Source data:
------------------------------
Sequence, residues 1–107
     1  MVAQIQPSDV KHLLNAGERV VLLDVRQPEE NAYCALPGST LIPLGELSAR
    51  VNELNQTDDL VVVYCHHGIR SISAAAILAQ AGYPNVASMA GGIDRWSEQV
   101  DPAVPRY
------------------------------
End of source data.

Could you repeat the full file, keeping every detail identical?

Sequence, residues 1–107
     1  MVAQIQPSDV KHLLNAGERV VLLDVRQPEE NAYCALPGST LIPLGELSAR
    51  VNELNQTDDL VVVYCHHGIR SISAAAILAQ AGYPNVASMA GGIDRWSEQV
   101  DPAVPRY